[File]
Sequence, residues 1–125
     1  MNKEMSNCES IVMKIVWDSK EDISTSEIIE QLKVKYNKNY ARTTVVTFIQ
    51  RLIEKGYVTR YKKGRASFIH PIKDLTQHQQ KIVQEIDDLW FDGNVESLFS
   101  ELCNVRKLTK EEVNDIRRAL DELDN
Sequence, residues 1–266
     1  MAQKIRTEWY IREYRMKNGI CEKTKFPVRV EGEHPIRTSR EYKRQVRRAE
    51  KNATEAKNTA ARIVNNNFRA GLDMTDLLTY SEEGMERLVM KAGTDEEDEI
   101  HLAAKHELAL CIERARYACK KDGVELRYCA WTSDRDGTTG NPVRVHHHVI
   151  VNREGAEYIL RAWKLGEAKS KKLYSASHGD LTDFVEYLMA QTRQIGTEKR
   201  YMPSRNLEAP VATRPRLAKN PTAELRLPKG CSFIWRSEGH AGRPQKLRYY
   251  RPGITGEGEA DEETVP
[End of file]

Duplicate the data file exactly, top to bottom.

Sequence, residues 1–125
     1  MNKEMSNCES IVMKIVWDSK EDISTSEIIE QLKVKYNKNY ARTTVVTFIQ
    51  RLIEKGYVTR YKKGRASFIH PIKDLTQHQQ KIVQEIDDLW FDGNVESLFS
   101  ELCNVRKLTK EEVNDIRRAL DELDN
Sequence, residues 1–266
     1  MAQKIRTEWY IREYRMKNGI CEKTKFPVRV EGEHPIRTSR EYKRQVRRAE
    51  KNATEAKNTA ARIVNNNFRA GLDMTDLLTY SEEGMERLVM KAGTDEEDEI
   101  HLAAKHELAL CIERARYACK KDGVELRYCA WTSDRDGTTG NPVRVHHHVI
   151  VNREGAEYIL RAWKLGEAKS KKLYSASHGD LTDFVEYLMA QTRQIGTEKR
   201  YMPSRNLEAP VATRPRLAKN PTAELRLPKG CSFIWRSEGH AGRPQKLRYY
   251  RPGITGEGEA DEETVP